A Shell Game of Coal Dust and Green Olympics

There are only 270 days left until the opening ceremony at the Beijing Olympics. Between now and the time the torch is lit and the Green games start, 38 new pulverized-coal fired power plants will open.

Statement after statement about how this Olympiad will be environmentally friendly and the amazing lengths China is going to with regard to alternative energy power generation in Beijing is plastered around the news media daily. That is the truth – well, half of it. Media releases seem to conveniently leave out the other half of the information: While there is tremendous focus on this single city in Green development, the remainder of the country is left behind in a haze of contaminants and smokestack particulates settling on nearly every square centimeter of land except a few isolated pockets in remote mountainous areas.

On one hand, China claims to the world it is going green to help us all against climate change and pollution control. But read the newspapers – for example, “Nation not a Threat to World Energy” in the China Daily. That article boldly claims that coal accounts for 70 per cent of the country’s energy needs and with proven reserves of one trillion tons, these reserves can satisfy Chinese demand for the next 100 years. It also paints a different picture.

We need to look deeper into the mind frame of Chinese society to understand why this is happening and why coal use is set to intensify as our planet experiences a further drop in conventional crude oil production.

Making Face: Chinese society is complex in ways Westerners overlook or do not understand. “Mianzi” or “face”, for example, is the biggest stumbling block to our understanding consumption patterns of commodities and electricity usage in modern China. “Mianzi” is best explained as reputation, social standing or how others see you in their eyes. The Chinese are pre-occupied with “mianzi” to the point that decisions made in life are all about appearance. This includes government and business decisions. In order to continue with a roaring economy that pollutes along the way, China has to “make face” with Western governments showing that they are committed to help solve their own pollution problem from within. This is their front face, what lies behind is the true face. There are always two faces to everything in China.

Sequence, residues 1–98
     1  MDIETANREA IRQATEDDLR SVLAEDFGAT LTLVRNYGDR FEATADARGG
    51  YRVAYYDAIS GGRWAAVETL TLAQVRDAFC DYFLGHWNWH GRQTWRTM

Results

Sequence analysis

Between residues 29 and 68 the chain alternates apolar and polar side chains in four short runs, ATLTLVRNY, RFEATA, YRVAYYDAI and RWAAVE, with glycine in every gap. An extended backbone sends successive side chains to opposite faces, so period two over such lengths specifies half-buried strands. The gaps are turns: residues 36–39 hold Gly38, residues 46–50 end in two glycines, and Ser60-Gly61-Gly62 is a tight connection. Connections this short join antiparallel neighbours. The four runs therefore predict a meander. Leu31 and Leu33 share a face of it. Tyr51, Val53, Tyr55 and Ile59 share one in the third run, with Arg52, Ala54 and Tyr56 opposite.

Construction of hundreds more pulverized-coal-fired power plants assure coal will likely remain the fuel of choice for many decades in China. Despite economic, social, and environmental problems coal creates, it is the fuel that will allow the Chinese energy sector to continue expanding along with coal affiliated mega-corporations involved in power generation, utilities, railroads, mining and all of the jobs in between listed on the Hong Kong, Shenzhen and Shanghai stock markets. Unemployment is the biggest concern for the central government at the moment using an economic growth policy focused on creating as many jobs as possible supersedes environmental protection every day of the week.

Renewable Energy: China’s national renewable-energy law went into effect in January 2006, offering financial incentives for renewable energy development. Chinese authorities want to generate 16 percent of their energy needs from renewables by 2020; this includes small and large scale hydropower, wind, biomass, and solar power. Gargantuan expansions of nuclear power and coal to liquids projects are on the books as well.

Forecast coal output is expected to reach 2.7 billion tons in 2010. In the first half of 2007, China generated 1,122 billion kilowatt hours (kw/h) of electricity, up 13 percent from last year. During the six month period, hydro-electric generators provided a total of 156 billion kw/h, increasing 22 percent year on year; thermal-electric generators provided 940 billion kw/h, up 12 percent; nuclear generators provided 26 billion kw/h, up 15 percent, according to the China Electricity Council (CEC). Even at 16 percent renewable energy generation by 2020 the enormity of coal consumed to generate over 6 billion kW will increase total coal usage exponentially compared with today.